Low-mass direct lepton-pair production is the simplest of all hadronic interactions and an understanding of this process should be helpful in understanding more complicated processes. Understanding the hadronic case will in turn be useful in extracting the signature of the quark-gluon plasma which is conjectured to be formed at higher center of mass energies. This is one of the main reasons for the renewed interest in this field. Leptons are ideal probes for such experiments because they are not affected by strong interactions. These factors taken together make the study of direct lepton-pairs essential.
This thesis reports on the production of direct electron-positron pairs in proton-Beryllium interactions. For these interactions, proton beams with laboratory kinetic energies of 4.90 [GeV], 2.10 [GeV], and 1.04 [GeV] were used to bombard segmented Beryllium targets. The electron-positron pairs were identified with the aid of a two arm spectrometer known as the Di-Lepton-Spectrometer. Each arm of the spectrometer consisted of two hodoscope planes, three drift chambers, two gas Cerenkov counters and an array of lead glass blocks. Analysis of the data involved the identification and the extraction of relevant physical quantities of the direct electron-positron pairs.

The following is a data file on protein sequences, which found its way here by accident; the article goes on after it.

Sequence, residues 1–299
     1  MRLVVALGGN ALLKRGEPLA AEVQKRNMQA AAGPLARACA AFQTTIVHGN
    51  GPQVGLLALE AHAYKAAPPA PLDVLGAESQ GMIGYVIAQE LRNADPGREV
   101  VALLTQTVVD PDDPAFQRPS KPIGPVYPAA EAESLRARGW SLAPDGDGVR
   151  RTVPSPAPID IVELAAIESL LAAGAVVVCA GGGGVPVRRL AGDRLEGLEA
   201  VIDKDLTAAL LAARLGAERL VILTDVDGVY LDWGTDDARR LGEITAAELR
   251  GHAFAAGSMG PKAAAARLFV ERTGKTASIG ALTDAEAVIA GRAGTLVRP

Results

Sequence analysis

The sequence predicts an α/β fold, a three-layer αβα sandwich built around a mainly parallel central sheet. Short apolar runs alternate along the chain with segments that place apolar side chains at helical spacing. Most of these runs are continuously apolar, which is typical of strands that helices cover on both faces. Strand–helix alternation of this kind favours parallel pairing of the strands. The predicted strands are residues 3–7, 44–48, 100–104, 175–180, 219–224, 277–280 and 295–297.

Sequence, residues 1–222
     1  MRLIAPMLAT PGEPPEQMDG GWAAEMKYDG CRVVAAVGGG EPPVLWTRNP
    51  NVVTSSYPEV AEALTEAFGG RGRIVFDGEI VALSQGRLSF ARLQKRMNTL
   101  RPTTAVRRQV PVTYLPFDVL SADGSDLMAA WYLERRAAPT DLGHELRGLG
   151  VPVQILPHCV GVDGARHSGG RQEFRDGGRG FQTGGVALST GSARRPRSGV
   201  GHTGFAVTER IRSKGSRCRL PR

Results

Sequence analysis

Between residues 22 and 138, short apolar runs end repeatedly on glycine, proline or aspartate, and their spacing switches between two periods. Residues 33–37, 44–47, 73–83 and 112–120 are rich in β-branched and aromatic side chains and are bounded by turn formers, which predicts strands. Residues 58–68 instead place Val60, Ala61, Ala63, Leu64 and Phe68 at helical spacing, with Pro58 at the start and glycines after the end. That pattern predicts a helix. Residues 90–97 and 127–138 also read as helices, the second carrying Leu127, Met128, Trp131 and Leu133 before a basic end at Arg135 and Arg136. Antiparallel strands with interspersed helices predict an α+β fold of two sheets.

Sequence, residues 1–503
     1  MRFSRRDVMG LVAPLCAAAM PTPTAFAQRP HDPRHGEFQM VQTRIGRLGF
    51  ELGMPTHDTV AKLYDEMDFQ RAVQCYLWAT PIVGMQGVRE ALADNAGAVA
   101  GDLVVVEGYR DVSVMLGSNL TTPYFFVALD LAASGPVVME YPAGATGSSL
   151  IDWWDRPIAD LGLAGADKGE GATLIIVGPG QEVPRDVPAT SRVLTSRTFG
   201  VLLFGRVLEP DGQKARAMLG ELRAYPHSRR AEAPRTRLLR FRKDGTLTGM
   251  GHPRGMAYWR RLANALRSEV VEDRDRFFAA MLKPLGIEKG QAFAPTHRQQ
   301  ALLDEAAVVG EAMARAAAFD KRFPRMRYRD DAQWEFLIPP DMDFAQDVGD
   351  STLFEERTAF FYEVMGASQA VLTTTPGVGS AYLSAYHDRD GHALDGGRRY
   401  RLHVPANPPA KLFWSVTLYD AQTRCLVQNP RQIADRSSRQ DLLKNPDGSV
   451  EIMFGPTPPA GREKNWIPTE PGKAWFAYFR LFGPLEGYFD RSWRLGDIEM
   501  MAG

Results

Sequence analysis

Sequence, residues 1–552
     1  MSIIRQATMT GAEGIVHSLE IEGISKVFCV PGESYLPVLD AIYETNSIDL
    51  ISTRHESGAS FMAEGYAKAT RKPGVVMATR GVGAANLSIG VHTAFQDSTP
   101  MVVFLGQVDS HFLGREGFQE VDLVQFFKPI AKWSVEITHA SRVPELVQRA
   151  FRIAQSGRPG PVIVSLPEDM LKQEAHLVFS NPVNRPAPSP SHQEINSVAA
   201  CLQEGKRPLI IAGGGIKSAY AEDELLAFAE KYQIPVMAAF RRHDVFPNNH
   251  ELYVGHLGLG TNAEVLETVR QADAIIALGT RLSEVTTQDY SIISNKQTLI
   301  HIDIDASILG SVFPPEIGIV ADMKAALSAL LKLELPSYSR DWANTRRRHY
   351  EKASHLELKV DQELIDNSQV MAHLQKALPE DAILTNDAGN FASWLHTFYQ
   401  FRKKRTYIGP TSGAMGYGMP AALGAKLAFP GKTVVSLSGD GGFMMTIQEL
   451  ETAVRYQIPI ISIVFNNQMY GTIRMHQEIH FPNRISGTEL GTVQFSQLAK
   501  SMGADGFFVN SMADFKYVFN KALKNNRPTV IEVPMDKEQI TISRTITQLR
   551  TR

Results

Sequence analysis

This series of experiments for the first time established the existence and
determined the production cross-sections of direct electron-positron pairs
in proton-Beryllium interactions.
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